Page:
Movidius' New Vision Processor Could Make Future Smartphone Cameras Dope

You might remember Movidius as one of the key companies that enable the 3D mapping powers of Google's Project Tango phone. Today, the company is announcing the second generation of its vision processor, which has the potential to enables a slew of everyday camera enhancements for future smartphones.

Like its predecessor, the new Myriad 2 SoC is designed specifically to help mobile phones process data from cameras in new and exciting ways. It can either be the main application processor, or an auxiliary co-processor that's there just for its vision powers. The new chip is 20 percent more power efficient than its predecessor. That means that in addition to the 3D depth mapping capabilities it enabled before, it'll be useful for an entirely new suite of computational photography applications. Specifically, it's designed to improve everyday smartphone camera performance of features like autofocus and HDR, as well as some we haven't seen done as well like gesture recognition and augmented reality.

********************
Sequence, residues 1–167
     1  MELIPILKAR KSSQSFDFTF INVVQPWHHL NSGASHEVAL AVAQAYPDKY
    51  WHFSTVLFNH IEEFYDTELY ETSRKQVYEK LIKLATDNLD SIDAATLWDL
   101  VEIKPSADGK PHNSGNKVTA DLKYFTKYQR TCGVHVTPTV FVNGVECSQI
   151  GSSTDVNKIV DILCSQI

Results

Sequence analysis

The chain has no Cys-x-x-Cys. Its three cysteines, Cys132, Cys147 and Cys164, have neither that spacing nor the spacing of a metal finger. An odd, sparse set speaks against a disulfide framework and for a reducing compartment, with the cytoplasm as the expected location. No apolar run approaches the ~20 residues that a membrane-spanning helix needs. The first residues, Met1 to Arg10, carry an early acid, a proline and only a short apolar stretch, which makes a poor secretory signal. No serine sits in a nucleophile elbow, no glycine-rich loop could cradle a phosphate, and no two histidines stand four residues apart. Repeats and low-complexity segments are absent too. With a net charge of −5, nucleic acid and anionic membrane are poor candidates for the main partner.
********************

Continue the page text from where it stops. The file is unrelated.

Of course, as with the original Movidius chip, the key is getting the powerful chip into smartphones that we can use. The company told us that we can expect to see some mainstream devices powered by the Myriad 2 processor next year. Additionally, Movidius is working with third-party software developers to create new tools built on its platform.

As we've seen with Project Tango, the possibilities for advanced vision processing tech are incredible. Now it's just a question of getting them into gadgets we actually use. [Movidius]